How to drive defensively in winter weather

It is imperative to drive with caution in the winter.

It is imperative to drive with caution in the winter.

Snow can make winter great fun – we’re sure every kid appreciates a snow day – but for drivers, the first snowfall ushers in the worst driving season of the year. Slippery, icy conditions and lack of visibility combined with shorter days make for treacherous roads. Less tire traction and more snow and ice building up on your car mean increased strain on your vehicle’s normal functions.

While you can’t snap your fingers and make the sun come back again, you can arm yourself against the weather. By following these 9 important winter weather driving tips, you can make it through the cold with minimal wear and tear

1. Slow down and increase your following distance

The speed limits posted are for motorists driving in ideal weather conditions – snow, ice, and rain don’t count. In general, do everything more slowly in the winter, since in snow, tires are just barely gripping the road. Accelerating or braking quickly can lead to skidding and accidents.

To familiarize yourself with driving on slick ice or snow without bumping into another car, practice in an empty lot. Avoid spinning the tires when you start by gently pressing the gas pedal. Get a feel for how to steer and brake, and slow down at least 3 times sooner than when you would normally turn or brake. Knowing how your car feels and drives will give you extra time to react in case difficult situations arise.

In snowy conditions, reduce your speed to half the posted speed limit.

2. Increase speed on the flat before going uphill

The key here is not to spin your wheels, which will make you lose traction and stall before you hit the hilltop. To ensure you have enough power, step on the accelerator on the flat before the hill. As the car slows up the hill, ease up on the accelerator and let the car slowly crest the hill.

Take it slow when you're on the snow.

Take it slow when you’re on the snow.

3. Grip the road during a curve

Lack of grip causes lack of control, and lack of control leads to accidents. To maximize grip, brake only before the curve while the car is traveling straight. Then take your foot off the brake as you head into the curve so you can use all grip available for steering. Accelerate as you finish the curve and straighten the steering wheel.

If you enter a corner with too much speed, you could risk spinning your wheels and losing control. Also key to preventing a skid is good steering wheel control, since being rough with your steering can cause your vehicle to lose balance.

4. Avoid skids by downshifting before you turn a corner (manual transmission only)

Repeat after us: DO NOT downshift in a curve. Gear changes should be made while you’re still going straight, before you hit a curve. Downshifting in a curve can destabilize your car and cause a skid.

5. Keep your low beams on in snow or fog

Using your low beams in fog will minimize glare and reflection and maximize visibility. Look to the right when there are oncoming cars to avoid getting blinded.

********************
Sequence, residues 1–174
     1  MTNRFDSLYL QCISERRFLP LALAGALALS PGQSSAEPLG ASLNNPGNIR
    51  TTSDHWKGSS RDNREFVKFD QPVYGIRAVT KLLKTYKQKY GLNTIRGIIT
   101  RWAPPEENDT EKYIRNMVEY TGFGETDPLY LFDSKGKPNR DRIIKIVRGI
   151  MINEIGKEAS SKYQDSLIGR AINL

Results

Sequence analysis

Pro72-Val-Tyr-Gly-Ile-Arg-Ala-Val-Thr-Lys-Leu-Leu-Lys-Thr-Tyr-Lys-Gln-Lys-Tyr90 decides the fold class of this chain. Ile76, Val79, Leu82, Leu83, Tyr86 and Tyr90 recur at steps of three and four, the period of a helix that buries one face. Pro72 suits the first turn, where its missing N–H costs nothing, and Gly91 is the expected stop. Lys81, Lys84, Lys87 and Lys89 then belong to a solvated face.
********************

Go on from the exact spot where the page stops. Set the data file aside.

6. Know how to use your ABS (Anti-Lock Braking System) to increase grip

Brake slowly and smoothly in normal conditions. In case of emergency, step on the brakes hard, but only if you have an ABS. Anti-lock brakes allow you to steer even as you’re braking to (hopefully) navigate you out of danger.

Snow plow

 7. Watch out for danger ahead, especially shady areas with “black ice”

Good drivers know to anticipate problems so they’ll react correctly and promptly. Road conditions vary from one area to another – sometimes ice may remain on bridges even though the rest of the roads are clear.

As a rule of thumb, roads are cooler in shady areas. Sometimes “black ice,” or a transparent coating of ice over roads, can make the black of asphalt roads show through and appear as if there is no ice at all. The ice’s invisibility causes skidding and accidents for unassuming drivers.

Therefore, always slow your car in shady areas, bridges, or infrequently used roads, since they freeze first and can remain frozen even if the temperature is above freezing.

Snow also means snow plows will be on the road. While they will be driving slowly, do not cut them off, since their visibility is severely limited by blowing snow.

8. Keep driving conditions comfortable + clear your car of ice

Turn on cool air to keep windows clear and to keep you awake. Avoid large, bulky clothing while you are driving.

Keep lights and your windshield clean with snow and ice scrapers. There are also special blades designed to remove ice from your windshield.

9. Don’t think you are invincible because you have four-wheel drive

Four-wheel drive does not increase braking or curve-turning capability – like all other vehicles, four-wheel drive cars depend on four tire contact points on the ground for grip. Imprecise, hurried driving causes all cars to lose balance just the same.

Snow tires or chains help increase traction, but chains are more effective, since snow tires can still slide around on ice and packed snow.

Note: If you have a rear-wheel drive vehicle, you can put a bag or two of sand behind the rear axle to increase traction. Just don’t put too much weight back there, or you could risk weighing down the back too much and lifting up the front, reducing your braking and steering abilities.

References

http://www.edmunds.com/how-to/how-to-drive-in-the-snow.html

http://www.safemotorist.com/articles/winter_driving.aspx

http://www.cartalk.com/content/winter-driving-tips-7

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